Equally impressive is the fact that the bridge also features the tallest pylons in the world. There are a total of 7 pylons that support the bridge and the two tallest are P2 and P3 located nearest to the river.

These two pylons have a height of 244.96 meters (803 feet 8 inches) and 221.05 meters (725 feet 3 inches) respectively, which means that the P2 pylon is the tallest in the world!

Millau viaduct highest pylons in the world
The highest pylons in the world / Pixabay

4. A bridge from 1929 in the US already had a higher deck

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The Viaduct doesn’t feature the highest deck in the world as it has been surpassed by several bridges already. It also didn’t have the highest deck upon completion because a bridge built in 1929 near Cañon City in Colorado called the Royal Gorge Bridge already had a higher deck!

The Viaduct has a deck height of 270 meters (890 feet) while the deck of the Royal Gorge Bridge reaches a height of 291 meters (955 feet) above the Arkansas River.

It still remains the highest deck of any bridge in Europe though and is much higher than for example the Italia Viaduct in Italy (260 meters / 850 feet) and the Europa Bridge in Austria (190 meters / 620 feet).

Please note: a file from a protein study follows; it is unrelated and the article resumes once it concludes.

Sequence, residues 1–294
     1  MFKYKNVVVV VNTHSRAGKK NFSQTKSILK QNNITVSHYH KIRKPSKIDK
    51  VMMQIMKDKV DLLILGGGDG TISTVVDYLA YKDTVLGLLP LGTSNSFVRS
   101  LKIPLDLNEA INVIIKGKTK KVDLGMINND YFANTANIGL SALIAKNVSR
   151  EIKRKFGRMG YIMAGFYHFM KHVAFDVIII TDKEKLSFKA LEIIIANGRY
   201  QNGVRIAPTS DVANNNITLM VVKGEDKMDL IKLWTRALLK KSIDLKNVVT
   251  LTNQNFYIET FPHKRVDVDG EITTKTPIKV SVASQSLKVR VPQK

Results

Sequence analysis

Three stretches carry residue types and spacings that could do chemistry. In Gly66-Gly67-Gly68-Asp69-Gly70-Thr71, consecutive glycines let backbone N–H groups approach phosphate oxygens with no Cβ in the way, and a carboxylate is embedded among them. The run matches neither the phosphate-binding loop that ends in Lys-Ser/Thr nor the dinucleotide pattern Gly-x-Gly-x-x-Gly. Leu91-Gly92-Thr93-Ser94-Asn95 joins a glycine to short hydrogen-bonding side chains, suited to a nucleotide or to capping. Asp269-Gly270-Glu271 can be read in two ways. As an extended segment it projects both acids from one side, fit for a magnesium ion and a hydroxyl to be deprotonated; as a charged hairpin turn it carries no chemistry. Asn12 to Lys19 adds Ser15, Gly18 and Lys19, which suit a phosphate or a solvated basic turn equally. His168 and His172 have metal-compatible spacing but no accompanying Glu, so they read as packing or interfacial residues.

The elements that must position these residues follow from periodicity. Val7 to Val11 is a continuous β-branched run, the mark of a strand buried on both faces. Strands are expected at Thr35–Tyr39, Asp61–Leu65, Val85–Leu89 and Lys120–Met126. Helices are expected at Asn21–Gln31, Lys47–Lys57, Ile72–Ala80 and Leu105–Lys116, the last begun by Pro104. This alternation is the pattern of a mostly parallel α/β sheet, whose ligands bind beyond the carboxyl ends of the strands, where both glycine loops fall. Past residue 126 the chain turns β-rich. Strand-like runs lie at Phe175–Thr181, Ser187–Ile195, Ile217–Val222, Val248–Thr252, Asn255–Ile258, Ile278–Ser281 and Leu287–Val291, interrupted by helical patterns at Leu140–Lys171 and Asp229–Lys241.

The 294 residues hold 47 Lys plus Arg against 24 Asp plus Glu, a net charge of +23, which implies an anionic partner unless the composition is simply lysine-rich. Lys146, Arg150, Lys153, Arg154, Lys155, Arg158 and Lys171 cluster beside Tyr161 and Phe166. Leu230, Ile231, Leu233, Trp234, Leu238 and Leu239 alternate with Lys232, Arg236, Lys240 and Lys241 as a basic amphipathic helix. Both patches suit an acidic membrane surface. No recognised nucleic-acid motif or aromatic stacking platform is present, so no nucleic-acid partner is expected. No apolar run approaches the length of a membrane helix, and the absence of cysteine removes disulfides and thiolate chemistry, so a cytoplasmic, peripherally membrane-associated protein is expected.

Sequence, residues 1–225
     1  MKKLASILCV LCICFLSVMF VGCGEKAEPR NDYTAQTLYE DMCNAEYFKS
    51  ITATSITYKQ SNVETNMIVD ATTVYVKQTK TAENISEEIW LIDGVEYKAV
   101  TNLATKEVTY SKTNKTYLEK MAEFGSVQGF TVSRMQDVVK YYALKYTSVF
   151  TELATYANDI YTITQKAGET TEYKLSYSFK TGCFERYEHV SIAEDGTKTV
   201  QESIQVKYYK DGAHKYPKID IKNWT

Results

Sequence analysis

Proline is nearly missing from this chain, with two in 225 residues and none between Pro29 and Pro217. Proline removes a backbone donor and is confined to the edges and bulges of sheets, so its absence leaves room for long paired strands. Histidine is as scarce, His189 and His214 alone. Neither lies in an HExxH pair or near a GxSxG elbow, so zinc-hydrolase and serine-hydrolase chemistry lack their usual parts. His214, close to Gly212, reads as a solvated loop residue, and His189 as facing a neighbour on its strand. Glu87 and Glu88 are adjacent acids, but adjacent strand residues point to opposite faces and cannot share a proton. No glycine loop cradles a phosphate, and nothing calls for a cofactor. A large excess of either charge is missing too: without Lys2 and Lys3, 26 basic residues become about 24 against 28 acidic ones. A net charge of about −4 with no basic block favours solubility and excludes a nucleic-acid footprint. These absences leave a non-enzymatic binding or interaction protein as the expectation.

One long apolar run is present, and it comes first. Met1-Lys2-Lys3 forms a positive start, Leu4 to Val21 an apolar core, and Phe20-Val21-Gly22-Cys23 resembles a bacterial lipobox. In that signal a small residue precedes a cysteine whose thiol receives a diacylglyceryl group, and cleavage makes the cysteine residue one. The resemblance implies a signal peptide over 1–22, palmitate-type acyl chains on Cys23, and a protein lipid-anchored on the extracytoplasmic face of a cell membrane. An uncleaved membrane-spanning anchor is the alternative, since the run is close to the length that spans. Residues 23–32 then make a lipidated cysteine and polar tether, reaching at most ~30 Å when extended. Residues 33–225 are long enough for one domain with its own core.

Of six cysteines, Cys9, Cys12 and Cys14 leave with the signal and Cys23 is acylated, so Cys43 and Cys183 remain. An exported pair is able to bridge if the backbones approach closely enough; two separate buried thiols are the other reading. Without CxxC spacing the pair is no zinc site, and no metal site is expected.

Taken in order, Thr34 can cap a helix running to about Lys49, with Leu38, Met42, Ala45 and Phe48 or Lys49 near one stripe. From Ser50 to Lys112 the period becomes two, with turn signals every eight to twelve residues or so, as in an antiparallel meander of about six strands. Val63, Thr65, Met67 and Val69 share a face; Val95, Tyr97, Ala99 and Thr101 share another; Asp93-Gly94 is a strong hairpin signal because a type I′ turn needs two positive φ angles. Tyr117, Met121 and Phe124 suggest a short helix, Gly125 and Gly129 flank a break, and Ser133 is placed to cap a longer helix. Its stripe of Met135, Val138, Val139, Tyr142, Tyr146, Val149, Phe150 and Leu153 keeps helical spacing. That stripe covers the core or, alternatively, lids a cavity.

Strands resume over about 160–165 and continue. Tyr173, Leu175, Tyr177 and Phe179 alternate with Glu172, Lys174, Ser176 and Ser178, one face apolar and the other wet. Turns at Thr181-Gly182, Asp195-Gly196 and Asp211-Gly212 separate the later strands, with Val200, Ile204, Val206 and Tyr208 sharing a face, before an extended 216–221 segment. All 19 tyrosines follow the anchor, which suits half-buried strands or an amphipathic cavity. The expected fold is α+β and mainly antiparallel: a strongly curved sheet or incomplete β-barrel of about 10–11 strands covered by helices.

Royal Gorge suspension bridge
Royal Gorge suspension bridge / Pixabay

5. It was built to avoid traffic jams during the summer

Millau is located on the road between Paris and Spain, referred to as the A75–A71 autoroutes. These highways are the main roads down south and travel from Paris to Béziers and Montpellier, a city near the Mediterranean Sea.

This also means that this is the road taken by travelers who want to reach Spain which has multiple popular holiday spots on the Costa Brava and Costa Blanca.

Before the bridge was built, all this traffic had to go down into the Tarn Valley and pass the town of Millau, causing a lot of traffic jams in the process. That means that the Viaduct was built to bypass the town and avoid congested traffic during the holiday season.